Slow Computer? Don’t Replace, Revive!

Is your computer getting a little slow? Do you think it might be time for a new one, but you’re dreading the expense and time it’ll take to get everything moved over and configured properly?

Think about upgrading your current computer instead. A few new parts can speed things up AND save you time and money.

Meet my Lenovo X61:

When it was made 12 years ago, it was a very nice $2000 ultra-portable running Windows XP. It had one of the best keyboards ever for a laptop of that size, so it was worth keeping around as time passed. But today, an original X61 is painfully slow, so slow you can get one used on eBay for $70-80. However, I’ve made a few updates to mine along the way. Because of those, after 12 years I can still use it almost every day.

Here’s what I’ve done to keep my X61 going:

Add More RAM

Adding more RAM (Random Access Memory) is the easiest and one of the cheapest significant upgrades you can make. RAM is where your computer stores the programs and data that it’s currently using. If you don’t have enough RAM, your computer spends a lot of time swapping information from RAM to your hard disk and back, slowing things down significantly.

Adding more RAM is usually a simple matter of opening the case and snapping new memory modules into the appropriate slots. I upgraded my X61 from 1GB RAM to 8GB by installing two 4GB memory modules. Today, those modules cost about $40 each.

Replace your Hard Disk with a SSD

The one thing that probably helps most is replacing an old hard disk with a modern SSD (Solid-State Drive).

Your current drive is called a hard “disk” because it stores data on spinning magnetic platters. Data is read and written by moving mechanical “heads”, similar to how old-fashioned cassette tapes work.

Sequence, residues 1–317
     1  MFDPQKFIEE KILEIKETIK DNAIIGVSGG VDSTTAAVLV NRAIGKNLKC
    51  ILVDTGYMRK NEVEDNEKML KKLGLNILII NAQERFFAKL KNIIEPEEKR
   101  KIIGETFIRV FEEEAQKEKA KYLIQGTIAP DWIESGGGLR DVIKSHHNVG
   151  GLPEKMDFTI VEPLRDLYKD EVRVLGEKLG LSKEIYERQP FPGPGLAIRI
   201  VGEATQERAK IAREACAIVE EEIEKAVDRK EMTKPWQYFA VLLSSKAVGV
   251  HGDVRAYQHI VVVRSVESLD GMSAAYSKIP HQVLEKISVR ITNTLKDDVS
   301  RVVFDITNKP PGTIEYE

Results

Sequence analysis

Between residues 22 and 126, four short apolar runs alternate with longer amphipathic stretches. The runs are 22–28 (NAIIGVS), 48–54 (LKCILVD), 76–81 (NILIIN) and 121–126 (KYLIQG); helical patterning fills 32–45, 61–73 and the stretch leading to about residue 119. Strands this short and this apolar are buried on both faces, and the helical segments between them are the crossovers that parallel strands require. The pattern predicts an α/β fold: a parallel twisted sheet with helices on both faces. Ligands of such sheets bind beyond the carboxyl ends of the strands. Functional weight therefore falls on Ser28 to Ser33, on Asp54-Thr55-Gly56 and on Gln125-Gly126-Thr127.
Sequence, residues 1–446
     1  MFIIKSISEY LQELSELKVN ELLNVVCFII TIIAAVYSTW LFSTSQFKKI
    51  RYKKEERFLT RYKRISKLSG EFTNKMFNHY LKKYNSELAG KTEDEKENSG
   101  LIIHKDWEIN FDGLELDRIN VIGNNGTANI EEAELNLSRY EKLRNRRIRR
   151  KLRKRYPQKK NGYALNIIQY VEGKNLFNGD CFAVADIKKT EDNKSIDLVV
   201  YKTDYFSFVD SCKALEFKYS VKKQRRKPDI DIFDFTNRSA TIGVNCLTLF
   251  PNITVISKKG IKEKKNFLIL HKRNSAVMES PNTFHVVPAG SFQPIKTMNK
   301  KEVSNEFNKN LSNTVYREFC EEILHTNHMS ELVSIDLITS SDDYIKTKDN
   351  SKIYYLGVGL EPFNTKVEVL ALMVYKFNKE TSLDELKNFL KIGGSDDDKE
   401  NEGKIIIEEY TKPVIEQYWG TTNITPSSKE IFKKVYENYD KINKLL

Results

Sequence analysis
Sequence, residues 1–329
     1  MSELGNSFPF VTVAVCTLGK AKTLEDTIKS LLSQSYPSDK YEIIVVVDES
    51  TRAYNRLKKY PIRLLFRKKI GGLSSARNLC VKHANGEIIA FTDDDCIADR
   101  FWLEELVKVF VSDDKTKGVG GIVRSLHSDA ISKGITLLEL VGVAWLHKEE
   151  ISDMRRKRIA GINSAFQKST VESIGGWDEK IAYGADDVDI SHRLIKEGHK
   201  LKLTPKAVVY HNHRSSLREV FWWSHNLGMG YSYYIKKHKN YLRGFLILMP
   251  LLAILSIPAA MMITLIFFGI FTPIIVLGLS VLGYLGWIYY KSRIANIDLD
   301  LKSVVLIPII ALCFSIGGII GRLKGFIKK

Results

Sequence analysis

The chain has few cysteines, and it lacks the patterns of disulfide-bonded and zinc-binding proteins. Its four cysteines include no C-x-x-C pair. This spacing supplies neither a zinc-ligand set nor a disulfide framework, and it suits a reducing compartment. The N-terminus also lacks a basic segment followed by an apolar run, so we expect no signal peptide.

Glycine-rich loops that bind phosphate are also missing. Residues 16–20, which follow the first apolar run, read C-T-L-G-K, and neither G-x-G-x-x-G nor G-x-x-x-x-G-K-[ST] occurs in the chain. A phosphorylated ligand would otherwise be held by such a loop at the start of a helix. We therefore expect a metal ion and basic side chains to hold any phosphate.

Modern SSDs have no moving parts to slow things down or break. A SSD is much faster, much quieter, and uses less power. Your computer will start quicker and respond faster while you’re using it. You will be stunned by how much difference upgrading to a SSD can make.

Of course, if you’re running out of disk space, you can upgrade to a bigger SSD to make more room while you’re at it.

You’ll need disk imaging software and an available connection to temporarily add the new drive as a second drive. Then, all you’ll need to do is a make a simple copy of your old disk to the new SSD and swap the old disk out and the new SSD in. Once you’re done, your computer will be ready to get right back to work, with no need to reinstall any software. You’ll be AMAZED by how fast it starts, and your work will go noticeably faster.

I replaced the 80GB disk that came with my X61 with a 256GB SSD, which today costs about $50. The disk imaging software was free, while the cable I needed to connect the SSD to a USB port for the imaging only cost about $15.

Upgrade your Wi-Fi Adapter

My X61 came with an internal Wi-Fi adapter that only worked on the 2.4 GHz band. Where I live, 2.4GHz is just too noisy to use. There’s so much interference that internet access slows dramatically—if it works at all. So I needed to upgrade to a Wi-Fi adapter that supports the 5GHz band. I could have replaced the internal Wi-Fi adapter, but it was much easier and cheaper to buy an external adapter that plugs into my USB port. It’s so small that you barely notice it’s there, and it only cost $12.98.

Keep Up with Wear and Tear

Some things just wear out. I’ve replaced my X61’s battery three times, but that’s not bad for a 12-year old laptop. The last one I bought cost $66. I also had to replace the keyboard, which is a trivial task for desktops, but a more complex process on a laptop. Luckily, Lenovo publishes the service manual, which holds all the instructions I needed. A new keyboard for the X61 is $35, but you can get refurbished ones for less.

These updates are all I needed to keep my X61 up and running for 12 years, through upgrades to Windows 7 and Windows 10.

My X61 is not as fast as a new laptop would be, mostly because of the 12-year old CPU, but the total cost of under $300 for the updates has been a very good investment. (A comparable new Lenovo runs about $1300.) Sure, I spent time doing the updates, but I also saved a lot of time by not having to move to a new computer. And I still have the keyboard I love.

If you have a Mac, many of the same upgrades are available, especially for older Macs. New Macbooks are not as simple—some updates are just not possible.

The next time you think about getting yourself a better, faster computer, consider upgrading the one you have. You (and your wallet) will be glad you did.

Need help with upgrading your computer, cleaning up software problems, or anything else? Contact me for a free consultation. If your computer is slow I’ll help you decide the best way to proceed.

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